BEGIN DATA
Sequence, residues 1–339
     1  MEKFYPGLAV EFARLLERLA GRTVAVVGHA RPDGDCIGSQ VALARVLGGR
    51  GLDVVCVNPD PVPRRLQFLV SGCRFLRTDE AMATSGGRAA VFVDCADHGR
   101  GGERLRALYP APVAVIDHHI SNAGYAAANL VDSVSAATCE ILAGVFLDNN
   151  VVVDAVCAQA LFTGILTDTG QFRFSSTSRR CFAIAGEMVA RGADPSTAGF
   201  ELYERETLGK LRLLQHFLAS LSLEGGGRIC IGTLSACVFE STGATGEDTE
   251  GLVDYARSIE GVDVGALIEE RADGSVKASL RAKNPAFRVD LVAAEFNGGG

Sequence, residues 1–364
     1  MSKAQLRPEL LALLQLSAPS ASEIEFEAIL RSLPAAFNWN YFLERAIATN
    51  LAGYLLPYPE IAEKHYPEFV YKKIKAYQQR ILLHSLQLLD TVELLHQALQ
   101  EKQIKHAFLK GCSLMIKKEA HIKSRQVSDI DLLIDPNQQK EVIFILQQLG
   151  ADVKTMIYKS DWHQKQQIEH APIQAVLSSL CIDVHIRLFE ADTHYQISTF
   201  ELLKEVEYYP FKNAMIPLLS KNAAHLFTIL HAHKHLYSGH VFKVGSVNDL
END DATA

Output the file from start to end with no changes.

Sequence, residues 1–339
     1  MEKFYPGLAV EFARLLERLA GRTVAVVGHA RPDGDCIGSQ VALARVLGGR
    51  GLDVVCVNPD PVPRRLQFLV SGCRFLRTDE AMATSGGRAA VFVDCADHGR
   101  GGERLRALYP APVAVIDHHI SNAGYAAANL VDSVSAATCE ILAGVFLDNN
   151  VVVDAVCAQA LFTGILTDTG QFRFSSTSRR CFAIAGEMVA RGADPSTAGF
   201  ELYERETLGK LRLLQHFLAS LSLEGGGRIC IGTLSACVFE STGATGEDTE
   251  GLVDYARSIE GVDVGALIEE RADGSVKASL RAKNPAFRVD LVAAEFNGGG

Sequence, residues 1–364
     1  MSKAQLRPEL LALLQLSAPS ASEIEFEAIL RSLPAAFNWN YFLERAIATN
    51  LAGYLLPYPE IAEKHYPEFV YKKIKAYQQR ILLHSLQLLD TVELLHQALQ
   101  EKQIKHAFLK GCSLMIKKEA HIKSRQVSDI DLLIDPNQQK EVIFILQQLG
   151  ADVKTMIYKS DWHQKQQIEH APIQAVLSSL CIDVHIRLFE ADTHYQISTF
   201  ELLKEVEYYP FKNAMIPLLS KNAAHLFTIL HAHKHLYSGH VFKVGSVNDL